Within a month of my original blog post I’d been asked to draft an Ethical Author Code—which, let me tell you, is easier said than done. But with the help of the ALLi leadership and others, the Code went up on the ALLi website in time for the FutureBook conference in London. There ALLi’s Orna Ross announced it as a Big Idea that might help shape the future of the publishing industry. Blimey.
The Ethical Author Code isn’t just for self-publishers, by the way.
It’s for “any writer who has published a long-form work of fiction or non-fiction, either via a trade publisher or self-publishing platform.”
Because personal responsibility doesn’t stop when you sign a publishing contract.
The four major objections to the idea of an Ethical Author Code
As you can imagine, I’ve participated in a few discussions about ethics since then. I think I’ve identified the four major areas of pushback against the notion of an Ethical Author Code. Each point has its variants, but they go roughly like this:
- How can we enforce the Code? And if we can’t enforce it, what’s the point of having it?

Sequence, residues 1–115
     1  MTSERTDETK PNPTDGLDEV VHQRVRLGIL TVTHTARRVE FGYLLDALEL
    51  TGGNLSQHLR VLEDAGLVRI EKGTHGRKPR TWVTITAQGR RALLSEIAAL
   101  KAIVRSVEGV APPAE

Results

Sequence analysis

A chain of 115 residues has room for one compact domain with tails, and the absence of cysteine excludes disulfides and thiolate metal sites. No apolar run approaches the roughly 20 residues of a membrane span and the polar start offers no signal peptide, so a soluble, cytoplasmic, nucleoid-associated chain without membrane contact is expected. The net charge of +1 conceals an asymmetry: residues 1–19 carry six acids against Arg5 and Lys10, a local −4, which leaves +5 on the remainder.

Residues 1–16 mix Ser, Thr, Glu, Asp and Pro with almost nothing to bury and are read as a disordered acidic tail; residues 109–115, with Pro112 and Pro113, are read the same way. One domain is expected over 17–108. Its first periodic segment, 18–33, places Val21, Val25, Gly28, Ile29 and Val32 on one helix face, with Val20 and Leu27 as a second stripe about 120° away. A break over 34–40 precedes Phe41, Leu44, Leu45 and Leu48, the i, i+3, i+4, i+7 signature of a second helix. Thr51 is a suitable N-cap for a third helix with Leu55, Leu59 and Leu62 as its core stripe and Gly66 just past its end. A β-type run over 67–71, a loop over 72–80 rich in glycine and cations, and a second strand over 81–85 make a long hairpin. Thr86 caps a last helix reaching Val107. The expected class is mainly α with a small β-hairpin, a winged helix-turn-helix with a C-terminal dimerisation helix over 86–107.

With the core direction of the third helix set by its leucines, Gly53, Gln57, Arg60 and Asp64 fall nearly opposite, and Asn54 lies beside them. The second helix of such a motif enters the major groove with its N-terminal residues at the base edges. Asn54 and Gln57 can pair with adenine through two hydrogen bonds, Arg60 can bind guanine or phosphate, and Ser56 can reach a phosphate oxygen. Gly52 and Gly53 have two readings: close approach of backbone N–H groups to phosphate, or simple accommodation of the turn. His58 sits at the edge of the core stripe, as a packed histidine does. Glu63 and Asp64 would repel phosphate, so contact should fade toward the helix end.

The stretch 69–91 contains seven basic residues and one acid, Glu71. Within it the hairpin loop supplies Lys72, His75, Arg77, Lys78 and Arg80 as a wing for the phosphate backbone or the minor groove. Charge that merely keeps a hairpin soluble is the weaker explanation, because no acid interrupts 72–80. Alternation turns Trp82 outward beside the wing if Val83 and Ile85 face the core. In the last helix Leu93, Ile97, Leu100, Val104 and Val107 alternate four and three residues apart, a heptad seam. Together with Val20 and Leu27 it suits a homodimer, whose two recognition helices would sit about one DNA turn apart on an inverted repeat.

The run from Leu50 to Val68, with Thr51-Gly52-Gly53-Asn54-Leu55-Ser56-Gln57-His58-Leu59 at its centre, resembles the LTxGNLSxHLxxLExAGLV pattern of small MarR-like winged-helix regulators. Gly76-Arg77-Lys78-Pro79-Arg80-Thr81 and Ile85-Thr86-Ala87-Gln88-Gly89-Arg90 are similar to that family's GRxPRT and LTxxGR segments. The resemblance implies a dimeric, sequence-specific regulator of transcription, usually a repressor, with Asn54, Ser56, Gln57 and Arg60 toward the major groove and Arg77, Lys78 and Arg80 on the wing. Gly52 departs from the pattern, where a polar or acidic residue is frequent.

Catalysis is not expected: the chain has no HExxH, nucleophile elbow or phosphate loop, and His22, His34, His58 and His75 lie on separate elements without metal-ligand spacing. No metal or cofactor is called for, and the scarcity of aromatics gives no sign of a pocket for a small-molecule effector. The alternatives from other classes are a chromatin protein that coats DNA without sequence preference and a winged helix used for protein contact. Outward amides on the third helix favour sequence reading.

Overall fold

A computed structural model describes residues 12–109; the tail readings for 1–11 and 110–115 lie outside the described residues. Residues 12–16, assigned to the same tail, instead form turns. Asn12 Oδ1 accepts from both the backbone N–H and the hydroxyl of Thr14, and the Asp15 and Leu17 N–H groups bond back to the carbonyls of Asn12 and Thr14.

- Why do we need a code or badge to show people we’re ethical? Shouldn’t they judge us by our actions?
- This has all been done before, and failed. Stop flogging a dead horse.
- Big Publishing employs all kinds of unethical business practices, and nobody objects to those. Why should individual authors be held to a standard that the corporations don’t keep?
These all seem like pretty compelling arguments for sitting on our hands and doing nothing. In this individualistic world, people are uncomfortable with the idea of being told what to do, and it’s that sense of discomfort that runs through all the objections I’ve encountered.
I’m here to argue that we authors are the ones who hold the power to mend the breaks the book world has suffered as a result of the unethical behavior of a minority. And I believe we can do it with as much flexibility and freedom as we all feel we need, given how different every author’s experience of publishing is these days.
I want to take the negatives of each of these objections and turn them around. I’d like to empower authors to encourage each other to a high standard of professional behavior, in the same way that we encourage each other to improve our writing craft and output.
1. A code of ethics isn’t about enforcement—it’s about personal responsibility